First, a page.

On Launching our Children

Children are characters in the family story we tell — until, one day, they start telling it themselves.

Rachel Cusk

For a month I have wanted to write a piece about launching children. I don’t know much about parenting, despite having parented five who are now adults, but I do know something about the feelings that come with launching children. I also know that many of you are going through this for the first time. I’ve seen the pictures. I read the captions. More importantly, I can also guess the subtext, the unspoken, the words that are in your hearts and your journals because only those places can capture your true feelings.

From the time they put our children into our arms for the first time, we enter into a place and journey best descibed as a foreign land. Never have we been so confronted with our own weakness or strength, never have we been asked to do so much for so little. These small humans are part angel, part dictator, and part parasite. In one momentous event we enter a place of protection, responsibility, and love all combined and we are never quite sure which one is playing out at any given time. Perhaps it’s because they are so entwined. The incomparable Rachel Cusk says it well in her book A Life’s Work:

Having lived so high up in the bickering romantic quarters of love, it is as if I were suddenly cast down to its basement, its foundations. Love is more respectable, more practical, more hardworking than I had ever suspected.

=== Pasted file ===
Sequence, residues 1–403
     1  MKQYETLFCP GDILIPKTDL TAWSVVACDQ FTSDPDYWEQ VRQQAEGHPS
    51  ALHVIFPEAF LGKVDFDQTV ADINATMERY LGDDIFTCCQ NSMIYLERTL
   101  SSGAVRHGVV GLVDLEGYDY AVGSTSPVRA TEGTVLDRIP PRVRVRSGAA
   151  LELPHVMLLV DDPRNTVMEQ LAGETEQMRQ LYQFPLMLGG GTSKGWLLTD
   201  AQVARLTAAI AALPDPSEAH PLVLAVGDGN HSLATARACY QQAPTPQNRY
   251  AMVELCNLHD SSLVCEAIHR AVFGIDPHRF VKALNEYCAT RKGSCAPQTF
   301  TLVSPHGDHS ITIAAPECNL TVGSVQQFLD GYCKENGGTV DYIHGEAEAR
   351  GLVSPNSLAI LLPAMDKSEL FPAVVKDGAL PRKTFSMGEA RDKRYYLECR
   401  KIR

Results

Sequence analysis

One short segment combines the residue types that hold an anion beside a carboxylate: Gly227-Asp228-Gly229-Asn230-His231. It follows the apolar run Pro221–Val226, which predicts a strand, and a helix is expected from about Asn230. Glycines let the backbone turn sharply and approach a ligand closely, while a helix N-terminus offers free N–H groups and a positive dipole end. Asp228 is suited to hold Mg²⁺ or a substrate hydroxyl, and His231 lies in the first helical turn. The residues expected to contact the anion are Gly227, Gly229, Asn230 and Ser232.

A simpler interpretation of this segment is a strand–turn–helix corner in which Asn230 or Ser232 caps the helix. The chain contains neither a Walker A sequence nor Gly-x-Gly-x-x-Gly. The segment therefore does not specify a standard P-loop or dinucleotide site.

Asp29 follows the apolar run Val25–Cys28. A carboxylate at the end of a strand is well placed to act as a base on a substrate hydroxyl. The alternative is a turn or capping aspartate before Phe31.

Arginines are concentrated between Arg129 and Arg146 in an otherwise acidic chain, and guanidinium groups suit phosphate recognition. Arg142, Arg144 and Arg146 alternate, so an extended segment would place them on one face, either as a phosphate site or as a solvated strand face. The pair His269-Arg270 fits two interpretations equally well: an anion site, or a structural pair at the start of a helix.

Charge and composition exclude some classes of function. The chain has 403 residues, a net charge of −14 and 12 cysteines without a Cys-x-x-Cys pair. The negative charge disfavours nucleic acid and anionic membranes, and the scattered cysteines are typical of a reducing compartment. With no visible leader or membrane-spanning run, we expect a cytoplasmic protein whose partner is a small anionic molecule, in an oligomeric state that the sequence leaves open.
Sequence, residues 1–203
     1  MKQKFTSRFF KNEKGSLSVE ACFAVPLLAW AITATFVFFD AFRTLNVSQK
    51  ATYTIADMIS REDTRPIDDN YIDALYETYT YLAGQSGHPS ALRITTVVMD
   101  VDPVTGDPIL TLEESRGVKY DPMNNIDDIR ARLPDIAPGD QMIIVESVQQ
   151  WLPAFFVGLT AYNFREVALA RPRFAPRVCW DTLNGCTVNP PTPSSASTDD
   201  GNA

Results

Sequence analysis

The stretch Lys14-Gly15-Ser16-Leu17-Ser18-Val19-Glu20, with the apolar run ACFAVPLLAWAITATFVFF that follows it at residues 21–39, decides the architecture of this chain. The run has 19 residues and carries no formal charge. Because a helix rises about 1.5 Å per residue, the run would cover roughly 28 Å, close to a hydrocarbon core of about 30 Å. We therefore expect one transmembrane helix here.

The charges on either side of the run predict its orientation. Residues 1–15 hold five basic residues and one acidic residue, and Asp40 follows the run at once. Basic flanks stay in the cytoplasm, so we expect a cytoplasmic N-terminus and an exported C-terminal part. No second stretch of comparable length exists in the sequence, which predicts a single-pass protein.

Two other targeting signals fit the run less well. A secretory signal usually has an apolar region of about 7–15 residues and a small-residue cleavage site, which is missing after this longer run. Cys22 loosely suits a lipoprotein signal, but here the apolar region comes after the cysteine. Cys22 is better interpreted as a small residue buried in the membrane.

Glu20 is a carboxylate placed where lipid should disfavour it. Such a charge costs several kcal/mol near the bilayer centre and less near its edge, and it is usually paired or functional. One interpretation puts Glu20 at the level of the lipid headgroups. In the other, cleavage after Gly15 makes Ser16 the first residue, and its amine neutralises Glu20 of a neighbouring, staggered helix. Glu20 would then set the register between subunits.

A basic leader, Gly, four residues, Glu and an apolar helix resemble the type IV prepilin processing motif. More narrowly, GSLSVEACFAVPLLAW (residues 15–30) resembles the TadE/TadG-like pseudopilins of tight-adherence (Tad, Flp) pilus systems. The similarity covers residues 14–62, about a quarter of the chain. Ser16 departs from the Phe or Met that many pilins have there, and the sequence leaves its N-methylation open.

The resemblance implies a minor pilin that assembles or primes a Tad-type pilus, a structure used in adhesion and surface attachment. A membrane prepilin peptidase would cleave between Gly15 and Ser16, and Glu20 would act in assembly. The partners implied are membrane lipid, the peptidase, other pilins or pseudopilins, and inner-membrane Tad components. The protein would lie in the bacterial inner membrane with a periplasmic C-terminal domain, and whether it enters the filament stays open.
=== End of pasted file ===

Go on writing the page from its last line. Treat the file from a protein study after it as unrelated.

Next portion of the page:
Rachel Cusk in A Life’s Work

As moms we are tuned in to these extensions of our bodies and hearts. We have eyes in the back of our heads, and ears everywhere. We have the sixth sense that comes with parenting – and then they’re gone. We birth them — either through the physical labor of the birth process or the emotional labor of the adoption process. We carry them home in soft and sweet-smelling 0-3 month baby clothes, making sure the car seat is facing the proper way. We teach them to brush their teeth and tie their shoes, eat healthy food and get enough sleep, learn to trust and learn to pray. We bravely wave goodbye at first days of Kindergarten and watch them cross over, alone, to school play grounds–their (and our) version of the river Jordan. We yell at them, hug them, cry with them, laugh with them. We vehemently advocate for them — just as strongly as we urge them to grow to be people who advocate for others.

And then it’s over. One day we could be accused of neglect if we don’t know where they are and the next day we aren’t even allowed to see their medical records.

And as we wave goodbye they rarely look back. It’s part of the armor of growing up, this not looking back. They look forward, as well they should. But we are left waving silently at their backs – and brushing away tears as we recognize this is a rite of passage and nothing will ever be the same.

Suddenly we miss the round marks on the wooden coffee table because we miss the ones who made those marks so very much. The house is too quiet. There are too many cookies in the container, and in our case, too much hot sauce in the refrigerator.